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Energy Eficiency

We all care about the environment, in our homes, and outside too. That's why North Air makes windows and doors that meet or exceed industry standards. We make all our windows and doors with energy efficiency in mind, so you can enjoy year-round comfort and savings.

Understanding key information will help you chose the right window for your needs. Sill to Sash: Is a Ccmplete Guide to Windows and Doors from the Canadian Window and Door Manufacturers Association is a great resource for learning the basics about windows and doors. Below are some commonly used terms that are highlighted for you:

  • Energy Rating System (ER)

    A window's ER rating is a measure of its overall performance, based on three factors: 1) solar heat gain; 2) heat loss through frames, spacer and glass; and 3) air leakage heat loss. All window Energy Ratings (ER) are evaluated in the same way.

  • Glazing

    Is the number of panes of glass used in the construction of the window. The space between double- and triple-paned windows provides insulation. All windows should be at least double glazed with low-e to reach the energy efficiency and performance needed for the varied North American climate.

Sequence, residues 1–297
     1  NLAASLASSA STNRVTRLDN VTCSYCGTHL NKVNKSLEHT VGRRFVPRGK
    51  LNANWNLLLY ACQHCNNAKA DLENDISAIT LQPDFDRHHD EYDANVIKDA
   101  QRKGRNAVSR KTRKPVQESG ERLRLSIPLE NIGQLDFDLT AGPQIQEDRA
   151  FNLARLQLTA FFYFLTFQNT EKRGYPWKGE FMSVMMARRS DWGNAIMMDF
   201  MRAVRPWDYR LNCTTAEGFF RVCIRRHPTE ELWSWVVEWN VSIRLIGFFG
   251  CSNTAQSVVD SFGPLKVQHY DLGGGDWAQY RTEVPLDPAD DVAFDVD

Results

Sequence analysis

• Heat Loss and Gain

    Refers to the balance between solar energy coming into and out of a home through the windows or building materials. The type of window glass and the placement of windows can contribute to heat loss and gain.

  • Low-E glass

    Low-E stands for low-emissivity. Emissivity is a measure of how much a glass surface transfers radiant heat.

  • Solar Heat Gain Coefficient (SHGC)

    When cooling is needed, the key rating parameter is the SHGC. SHGC measures how well a product blocks heat from the sun. SHGC is expressed as a number between 0 and 1. The lower the SGHC, the better a product is at blocking unwanted heat gain. Blocking solar heat gain is particularly important during the summer.

  • Visible Transmittance (VT)

    The VT is the relative amount of visible light transmitted through a pane of glass. The VT ranges from 0 to 1. The smaller the VT, the less visible light is transmitted through the product. The higher the VT, the greater the potential for day lighting to offset the need for electric lighting.

  • Condensation Resistance (CR)

    CR measures how well a product resists the formation of condensation. CR is reported on a scale of 1 to 100. The higher the number, the better a product is at resisting condensation.

  • U-Value

    When heating is needed, the key rating parameter is the U-value. The U-value describes how well a product prevents heat from escaping a home or building. U-value ratings generally fall between 0.2 and 1.2. The lower the U-value, the better a product is at keeping heat in. U-factor is particularly important during the winter heating season.

  • R-Value

    The R-value represents the resistance a material has to heat flow. It measures the effectiveness of insulation in stopping heat flow. The higher the R-value, the greater the heat resistance.